Institute for Civic and Community Engagement (ICCE)

Image: Photos of SF State students and scenes from around campus

ICCE Home Page >> Programs >> Rehabilitation Engineering Technology


Rehabilitation Engineering Technology (RET) Project

A young boy in a wheelchair uses an electronic communication device

 

 

 

 

 

 

 

 

 

 

 

 

 

 

 

 

 

The Rehabilitation Engineering Technology (RET) Project is a program at SF State that trains graduate students to work with people with disabilities to evaluate and design functional technologies that will help them gain greater independence, attain employment, use computers, and other tools, and enjoy recreational activities. The RET Project also works with the California Department of Rehabilitation and other public and private agencies to provide assistive technology services to approximately 150 people with disabilities in the San Francisco Bay Area each year. In addition, the project provides ergonomics assessments and reasonable accommodations for SF State faculty and staff with disabilities and work-related injuries.

 

The RET Project partners with ICCE to develop closer links with community organizations, building on its national reputation for innovative design, local service, and leadership in the field of assistive technology.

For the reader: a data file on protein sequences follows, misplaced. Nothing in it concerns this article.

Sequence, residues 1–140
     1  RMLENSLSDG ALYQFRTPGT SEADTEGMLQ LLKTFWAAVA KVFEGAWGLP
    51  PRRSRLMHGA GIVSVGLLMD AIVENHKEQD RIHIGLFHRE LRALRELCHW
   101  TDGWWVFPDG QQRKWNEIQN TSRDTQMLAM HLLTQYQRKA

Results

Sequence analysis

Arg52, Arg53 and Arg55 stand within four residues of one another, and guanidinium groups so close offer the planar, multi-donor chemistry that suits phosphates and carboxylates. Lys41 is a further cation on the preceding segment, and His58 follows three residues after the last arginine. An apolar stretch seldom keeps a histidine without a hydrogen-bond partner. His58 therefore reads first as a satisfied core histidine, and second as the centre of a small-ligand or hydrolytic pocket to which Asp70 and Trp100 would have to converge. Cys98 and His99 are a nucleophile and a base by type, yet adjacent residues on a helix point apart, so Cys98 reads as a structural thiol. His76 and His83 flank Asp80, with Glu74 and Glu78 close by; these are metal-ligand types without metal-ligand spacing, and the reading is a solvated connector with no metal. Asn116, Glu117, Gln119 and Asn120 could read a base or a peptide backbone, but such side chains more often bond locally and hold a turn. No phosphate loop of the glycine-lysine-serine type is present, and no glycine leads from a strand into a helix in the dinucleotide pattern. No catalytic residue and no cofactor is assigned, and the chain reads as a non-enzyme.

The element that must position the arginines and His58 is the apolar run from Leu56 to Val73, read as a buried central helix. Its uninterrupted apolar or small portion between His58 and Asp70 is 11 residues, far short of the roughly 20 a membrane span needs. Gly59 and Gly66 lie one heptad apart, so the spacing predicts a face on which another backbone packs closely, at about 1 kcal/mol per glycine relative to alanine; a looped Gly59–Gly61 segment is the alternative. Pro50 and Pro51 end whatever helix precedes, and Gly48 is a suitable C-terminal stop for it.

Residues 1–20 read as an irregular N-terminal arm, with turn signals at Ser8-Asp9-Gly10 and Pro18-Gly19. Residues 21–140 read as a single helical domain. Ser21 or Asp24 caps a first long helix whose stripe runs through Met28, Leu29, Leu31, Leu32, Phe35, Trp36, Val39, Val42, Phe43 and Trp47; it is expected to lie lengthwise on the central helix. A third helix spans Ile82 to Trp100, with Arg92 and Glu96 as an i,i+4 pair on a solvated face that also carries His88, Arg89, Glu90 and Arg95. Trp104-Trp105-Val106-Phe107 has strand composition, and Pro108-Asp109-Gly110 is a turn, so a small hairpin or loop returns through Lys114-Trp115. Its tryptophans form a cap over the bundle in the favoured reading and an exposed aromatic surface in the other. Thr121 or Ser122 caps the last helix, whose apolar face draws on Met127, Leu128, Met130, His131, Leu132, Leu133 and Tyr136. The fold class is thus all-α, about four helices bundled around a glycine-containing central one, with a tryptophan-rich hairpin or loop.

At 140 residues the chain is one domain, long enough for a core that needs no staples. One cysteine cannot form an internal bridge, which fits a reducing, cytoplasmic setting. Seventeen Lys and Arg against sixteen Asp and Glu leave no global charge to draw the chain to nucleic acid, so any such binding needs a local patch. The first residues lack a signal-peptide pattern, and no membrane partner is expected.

According to United Nations estimates, “one person in ten—as many as 600 million people worldwide—live with a physical, sensory (deafness, blindness), intellectual, or mental health impairment significant enough to make a difference in their daily lives.”

In the United States, the Centers for Disease Control (CDC) puts that number at 54 million disabled Americans.

 

Many disabled people, from children to seniors, rely or benefit from assistive technologies (AT) to improve their daily quality of life. AT can be equipment, products, or systems that are used to improve the functional capabilities of individuals with disabilities. Examples of AT may include wheelchairs, ramps, railings, specialized keyboards, communication devices, arm and wrist supports, amplified telephone handsets, screen magnifiers, audio devices, or even eye glasses.

SF State Home